There’s no timer or immediate threat to these moments, leaving you free to relax, explore, and think. But the solutions to each puzzle always open up the game to more surprises and possibilities. This includes upgrades to your vehicle. Before long your four-story ride is packed with various gadgets, mechanisms, and buttons that each act to help you push on against the odds.

While there are some thrills to be found here in much the same way a Metroidvania game unravels itself alongside ability upgrades, it’s not what makes FAR: Lone Sails sing its merry tune. Instead it’s the way they all combine to meet your single goal: to keep moving.

Setting sail to conserve fuel
Setting sail to conserve fuel

Before long you’re rhythmically dashing about the vehicle, loading fuel into the furnace, pushing the button that drives you forward, releasing steam at the perfect time to get a little nitro boost on a steep hill, and repeating. Then you begin getting mechanical failures or fires. You’ll have to hose down the flames or weld a part. Maybe the wind might turn favourable, allowing you to hoist a sail to try and conserve fuel.

It’s all terribly mundane work, but it’s balanced so well and with such simple and concise controls, that it’s addictive. There’s an instant proof-of-work system here where the analogue nature of every action produces a measurable result. It feels good to keep moving, even though you don’t know where you’re going.

A Stunning Piece of Art

The final and most vital piece to FAR: Lone Sails’ puzzle is its world design. It’s a truly beautiful game, both aurally and visually. In smaller spaces there is such intricate detail in the backdrop, that when you find yourself trundling through vast, barren landscapes, the contrast is just as impactful.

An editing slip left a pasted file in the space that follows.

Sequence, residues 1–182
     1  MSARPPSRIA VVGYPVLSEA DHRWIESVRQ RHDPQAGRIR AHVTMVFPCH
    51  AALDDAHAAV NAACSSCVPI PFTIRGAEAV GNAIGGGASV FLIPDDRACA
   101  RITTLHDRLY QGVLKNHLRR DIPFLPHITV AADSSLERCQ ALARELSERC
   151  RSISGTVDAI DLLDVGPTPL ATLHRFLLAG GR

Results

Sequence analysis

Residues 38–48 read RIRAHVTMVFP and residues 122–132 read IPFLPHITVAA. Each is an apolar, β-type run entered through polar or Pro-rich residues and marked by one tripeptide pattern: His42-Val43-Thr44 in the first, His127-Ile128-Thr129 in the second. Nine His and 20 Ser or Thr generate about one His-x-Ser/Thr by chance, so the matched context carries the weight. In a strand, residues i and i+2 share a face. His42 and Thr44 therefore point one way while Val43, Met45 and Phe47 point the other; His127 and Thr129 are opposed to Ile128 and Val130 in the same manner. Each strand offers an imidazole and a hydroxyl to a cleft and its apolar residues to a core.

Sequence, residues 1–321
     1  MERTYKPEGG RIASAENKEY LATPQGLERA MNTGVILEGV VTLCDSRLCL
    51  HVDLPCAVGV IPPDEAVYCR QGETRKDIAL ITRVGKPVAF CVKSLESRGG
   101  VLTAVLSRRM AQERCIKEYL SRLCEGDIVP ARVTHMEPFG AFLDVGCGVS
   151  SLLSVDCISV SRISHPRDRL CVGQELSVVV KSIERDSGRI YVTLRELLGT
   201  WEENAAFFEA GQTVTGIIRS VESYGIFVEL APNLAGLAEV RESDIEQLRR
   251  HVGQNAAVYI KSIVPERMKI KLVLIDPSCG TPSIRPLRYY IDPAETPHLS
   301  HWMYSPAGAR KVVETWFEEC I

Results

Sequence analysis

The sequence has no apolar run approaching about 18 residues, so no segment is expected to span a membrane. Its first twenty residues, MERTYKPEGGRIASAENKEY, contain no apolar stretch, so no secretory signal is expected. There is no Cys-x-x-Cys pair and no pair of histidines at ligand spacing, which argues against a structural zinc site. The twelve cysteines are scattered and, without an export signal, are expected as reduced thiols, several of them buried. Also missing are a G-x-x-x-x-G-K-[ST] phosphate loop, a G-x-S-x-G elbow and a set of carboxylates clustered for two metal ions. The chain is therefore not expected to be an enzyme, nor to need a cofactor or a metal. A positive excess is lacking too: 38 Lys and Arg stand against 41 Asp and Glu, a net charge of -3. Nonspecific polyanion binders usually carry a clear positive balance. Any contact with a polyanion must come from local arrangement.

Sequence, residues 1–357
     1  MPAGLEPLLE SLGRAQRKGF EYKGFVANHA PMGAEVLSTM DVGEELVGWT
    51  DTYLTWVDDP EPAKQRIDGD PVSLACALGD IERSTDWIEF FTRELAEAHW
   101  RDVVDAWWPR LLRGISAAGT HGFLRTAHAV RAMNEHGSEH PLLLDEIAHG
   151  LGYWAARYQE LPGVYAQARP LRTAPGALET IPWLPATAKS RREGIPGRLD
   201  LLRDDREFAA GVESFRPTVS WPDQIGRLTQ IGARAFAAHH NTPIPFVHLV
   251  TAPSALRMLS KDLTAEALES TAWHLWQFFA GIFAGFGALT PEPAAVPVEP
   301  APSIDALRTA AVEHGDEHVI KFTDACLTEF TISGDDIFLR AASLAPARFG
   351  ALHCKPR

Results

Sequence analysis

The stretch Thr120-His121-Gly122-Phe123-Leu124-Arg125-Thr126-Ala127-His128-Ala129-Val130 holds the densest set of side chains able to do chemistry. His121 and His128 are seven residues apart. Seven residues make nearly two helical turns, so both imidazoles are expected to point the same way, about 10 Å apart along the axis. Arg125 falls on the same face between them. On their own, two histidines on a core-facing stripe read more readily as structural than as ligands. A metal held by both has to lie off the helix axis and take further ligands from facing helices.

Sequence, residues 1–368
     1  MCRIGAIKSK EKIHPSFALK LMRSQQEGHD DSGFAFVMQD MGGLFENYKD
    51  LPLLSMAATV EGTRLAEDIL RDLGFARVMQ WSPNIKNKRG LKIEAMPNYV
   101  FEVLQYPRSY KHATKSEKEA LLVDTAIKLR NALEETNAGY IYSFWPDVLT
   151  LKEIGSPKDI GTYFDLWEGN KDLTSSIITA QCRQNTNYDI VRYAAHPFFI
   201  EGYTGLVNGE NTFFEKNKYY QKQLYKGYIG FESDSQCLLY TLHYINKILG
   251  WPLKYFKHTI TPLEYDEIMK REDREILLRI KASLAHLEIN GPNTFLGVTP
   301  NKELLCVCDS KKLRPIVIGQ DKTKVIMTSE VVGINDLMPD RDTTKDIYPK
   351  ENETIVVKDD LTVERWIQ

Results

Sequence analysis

Watching the ruins of civilization come into view and then drift behind you creates an intense sense of isolation and sadness. At night, when the stars come out and darkness grips the play space, it manages to evoke a sense of fear and loss. Especially when electrical storms then ravage your only safe zone: your vehicle.

Inside a broken factory
Inside a broken factory

Special mention has to go to the audio, which does a tonne of the leg work in keeping the game’s pace and emotional resonance on point. The sound of rain hitting the steel body of your vessel is harsh and lonely. The hard, metal-on-metal clunk of your vehicle soldiering through the wasteland feels raw and desperate. Even the subtle change in the wind volume as you step in and out of the vehicle is just right.

Add the sparse, but perfect score that drifts in and out and it all comes together into something that can only be called, “art.”

Vitally, it’s this attention to detail and love in the design that makes you care about pushing on. With no story and no destination driving you forward, it’s the cathartic nature of keeping your vehicle running and the “what’s up ahead” mystery generated by the world design that plays the role of antagonist.

What are you doing here after all? Are you trying to find an end to the apocalypse? Or do you just have to keep moving? Either way, Okomotive’s subtle yet sublime take on post-apocalyptic adventuring is an experience you won’t forget.

Chris Stead
A veteran journalist with 22 years of experience writing about video games for the world's biggest publications. The true journey began as a kid of the eighties, feasting on Mario, Star Wars, Goonies, Alex Kidd, California Games and more. The bones may ache a little more, but the passion remains!